“River in the rain,
Sometimes at night you look like a long white train,
Winding your way away from me.
River, I’ve never seen the sea.”
Oh, sure, you got your Wicked, your Miss Saigon, your Les Mis, your Phantom, your Blood Brothers, your Godspell…even your Xanadu. The list goes on.
Seen ’em…love ’em.
But Big River, the 1985 musical adaptation of Mr. Mark Twain’s The Adventures of Huckleberry Finn, just hits me right in the bluegrass’n’country seat of my lit-lovin’-son-of-Maplesville soul.
How could it not? The “King of the Road” himself, Roger Miller, composed the music and lyrics.
Huck and Jim sing “River in the Rain” as they’re rafting the Mississippi with the intentions of getting Jim to freedom. It and “Leavin’s Not the Only Way to Go” are my two favorite songs from the show.
Well, last month Alison Krauss released a video of her performance of the song that is on her February album Windy City. Her voice and “River in the Rain” are a beautiful pairing.
Y’all, I have hummed and sung along with “River in the Rain” for thirty-two years…but yesterday…yesterday, listening to Alison Krauss, I finally heard with my heart the last line of the song:
“River, I’ve never seen the sea.”
Growing up in the little house on Highway 22 in Maplesville, my family never went on vacations.
Couple reasons…Daddy’s work schedule being one and the garden being the other. There was just too much to do.
We depended on the garden to see us through the year with its harvest. We were a single-income family until Momma started working for Mr. Harry Higginbotham in the early 70s.
Even then…too much to do to go on vacation.
Until I was sixteen, the biggest waterways I’d seen were the creek under the railroad trestle, Mr. Sherman Motley’s pond across the road from the little house on Highway 22, the slough off 82 where sometimes we’d do a little fishing, and the Alabama River when we’d cross it on the way to visit the kin down in Montgomery.
I saw the Atlantic in 1979 when the chartered bus stopped briefly at Daytona on our way back from our junior class trip to Disney World.
I saw the Potomac on a 1980 trip to DC for the national FBLA competition.
But it’s the Gulf of Mexico I fell in love with when I finally got there in 1982. A drama troupe I was in went to Robertsdale for a Sunday-morning gig at our assistant director’s church. The afternoon before, we went to Gulf Shores.
The crowd was sparse, the day was overcast, and the temperature was chilly…I couldn’t have imagined a more perfect introduction.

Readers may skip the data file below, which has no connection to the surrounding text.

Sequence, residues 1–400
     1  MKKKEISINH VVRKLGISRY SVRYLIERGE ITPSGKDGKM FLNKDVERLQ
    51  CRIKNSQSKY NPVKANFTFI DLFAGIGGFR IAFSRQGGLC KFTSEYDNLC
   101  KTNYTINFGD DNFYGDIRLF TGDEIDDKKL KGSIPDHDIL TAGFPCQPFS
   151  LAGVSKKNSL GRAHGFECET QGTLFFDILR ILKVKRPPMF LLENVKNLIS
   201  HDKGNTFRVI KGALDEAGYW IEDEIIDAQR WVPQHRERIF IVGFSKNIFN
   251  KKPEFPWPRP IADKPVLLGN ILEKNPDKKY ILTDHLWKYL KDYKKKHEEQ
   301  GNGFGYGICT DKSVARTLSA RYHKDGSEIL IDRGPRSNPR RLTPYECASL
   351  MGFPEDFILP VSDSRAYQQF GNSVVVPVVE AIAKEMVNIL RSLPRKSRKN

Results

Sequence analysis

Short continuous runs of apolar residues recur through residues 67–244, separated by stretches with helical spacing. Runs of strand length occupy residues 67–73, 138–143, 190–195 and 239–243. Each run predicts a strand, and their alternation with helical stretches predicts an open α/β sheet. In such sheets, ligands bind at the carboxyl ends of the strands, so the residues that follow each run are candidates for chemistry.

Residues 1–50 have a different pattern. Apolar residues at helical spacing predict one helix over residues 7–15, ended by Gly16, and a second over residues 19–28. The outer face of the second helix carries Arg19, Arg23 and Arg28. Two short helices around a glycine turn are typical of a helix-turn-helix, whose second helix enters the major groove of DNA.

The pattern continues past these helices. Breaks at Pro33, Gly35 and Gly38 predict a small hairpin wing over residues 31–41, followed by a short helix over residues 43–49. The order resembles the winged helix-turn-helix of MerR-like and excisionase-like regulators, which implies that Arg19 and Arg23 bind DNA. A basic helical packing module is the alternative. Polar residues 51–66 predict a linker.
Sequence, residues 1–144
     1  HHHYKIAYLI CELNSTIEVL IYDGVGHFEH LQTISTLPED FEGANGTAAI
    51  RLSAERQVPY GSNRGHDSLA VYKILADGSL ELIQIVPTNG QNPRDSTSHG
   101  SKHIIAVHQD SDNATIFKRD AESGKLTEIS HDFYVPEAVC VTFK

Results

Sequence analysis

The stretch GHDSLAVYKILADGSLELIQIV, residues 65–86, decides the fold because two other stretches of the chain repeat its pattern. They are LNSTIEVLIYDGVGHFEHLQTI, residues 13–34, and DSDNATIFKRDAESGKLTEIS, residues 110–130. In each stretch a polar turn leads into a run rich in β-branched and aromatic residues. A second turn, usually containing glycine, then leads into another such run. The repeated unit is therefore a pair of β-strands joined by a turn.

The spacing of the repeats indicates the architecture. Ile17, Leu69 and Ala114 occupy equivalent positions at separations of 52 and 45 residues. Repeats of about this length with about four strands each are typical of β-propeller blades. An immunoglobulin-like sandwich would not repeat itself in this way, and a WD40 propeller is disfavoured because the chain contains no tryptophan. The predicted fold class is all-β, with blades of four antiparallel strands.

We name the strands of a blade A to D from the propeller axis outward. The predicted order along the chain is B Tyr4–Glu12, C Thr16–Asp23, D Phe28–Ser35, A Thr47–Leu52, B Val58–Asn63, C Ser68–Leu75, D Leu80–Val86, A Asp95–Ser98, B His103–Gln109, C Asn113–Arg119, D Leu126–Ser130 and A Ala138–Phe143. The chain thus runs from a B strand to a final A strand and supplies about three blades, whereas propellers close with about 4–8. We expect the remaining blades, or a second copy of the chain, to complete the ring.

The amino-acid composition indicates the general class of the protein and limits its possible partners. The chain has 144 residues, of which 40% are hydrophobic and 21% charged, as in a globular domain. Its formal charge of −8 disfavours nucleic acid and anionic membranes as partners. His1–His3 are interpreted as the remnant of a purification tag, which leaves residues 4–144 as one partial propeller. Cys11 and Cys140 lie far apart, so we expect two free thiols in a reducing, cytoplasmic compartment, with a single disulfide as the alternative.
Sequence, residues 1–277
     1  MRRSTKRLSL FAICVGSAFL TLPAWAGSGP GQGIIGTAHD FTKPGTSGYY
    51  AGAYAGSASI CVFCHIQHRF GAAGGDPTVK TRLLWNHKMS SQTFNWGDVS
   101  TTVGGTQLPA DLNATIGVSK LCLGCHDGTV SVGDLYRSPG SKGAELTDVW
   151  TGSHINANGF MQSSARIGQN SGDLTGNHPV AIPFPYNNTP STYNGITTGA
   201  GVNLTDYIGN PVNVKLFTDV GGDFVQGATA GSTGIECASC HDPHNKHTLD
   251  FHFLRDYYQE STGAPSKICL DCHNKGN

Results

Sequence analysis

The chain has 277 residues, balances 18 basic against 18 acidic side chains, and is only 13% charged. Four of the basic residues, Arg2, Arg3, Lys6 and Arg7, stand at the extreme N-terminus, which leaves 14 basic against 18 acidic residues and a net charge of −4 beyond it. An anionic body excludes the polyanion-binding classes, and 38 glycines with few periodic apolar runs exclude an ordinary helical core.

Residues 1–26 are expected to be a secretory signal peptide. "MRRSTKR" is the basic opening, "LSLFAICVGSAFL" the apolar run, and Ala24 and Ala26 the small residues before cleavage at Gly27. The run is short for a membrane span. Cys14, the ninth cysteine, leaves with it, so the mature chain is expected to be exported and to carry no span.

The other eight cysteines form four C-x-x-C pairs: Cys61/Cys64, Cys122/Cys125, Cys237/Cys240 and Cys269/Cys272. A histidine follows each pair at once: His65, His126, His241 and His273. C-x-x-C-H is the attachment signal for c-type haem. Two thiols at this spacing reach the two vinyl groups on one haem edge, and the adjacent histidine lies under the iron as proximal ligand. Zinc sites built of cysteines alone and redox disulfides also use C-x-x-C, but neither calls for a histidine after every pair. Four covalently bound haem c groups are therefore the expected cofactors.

I’ve been there in the blazing hell-hot heat of June, and I’ve been there in the nippy just-right chill of December. But my favorite time to go…October.
When I’d return to visit Momma and Daddy at the little house on Highway 22, I’d tell them about the magical spell of the sand, the spray, and the sacred solitude I felt gazing out over the horizon of water.
But it’s the alluring siren’s song of the breaking waves that kept taking me back…and still calls to me.
As I’d attempt to express to my folks the appeal, Momma’d say things like:
“Son, you be careful when you go down there. You know you cain’t swim.”
“I’m fine right here in Maplesville.”
Daddy…as was often the case…had few words to say…
…until 2007 when I returned from a trip to the Gulf between Christmas and New Year’s Eve.
I went to see him on New Year’s Day. Since Momma had died in 2003, it was usually just the two us having our black-eyed peas, ham hock, greens, and cornbread.
After we cleaned up the kitchen, the two of us went to sit in the living room.
“How was y’trip down yonder, son?”
“Great as always, Daddy.”
“I might like to go down there and see all that water one of these days. I ain’t never seen the sea.”
Y’all, I don’t know if I believe folks who say they have no regrets in their lives.
Lord knows I have a million and three.
Chief among them….
…I let seven years’ worth of opportunity to help Daddy fulfill that “might like to”…
…I let seven years between that New Year’s Day and the day he hoed his row to the end…
…I let seven years…
…slip through the hourglass and get swept out with the tide.
Daddy, I’m sorry you never saw the sea.
Steve Latham – June 8, 2017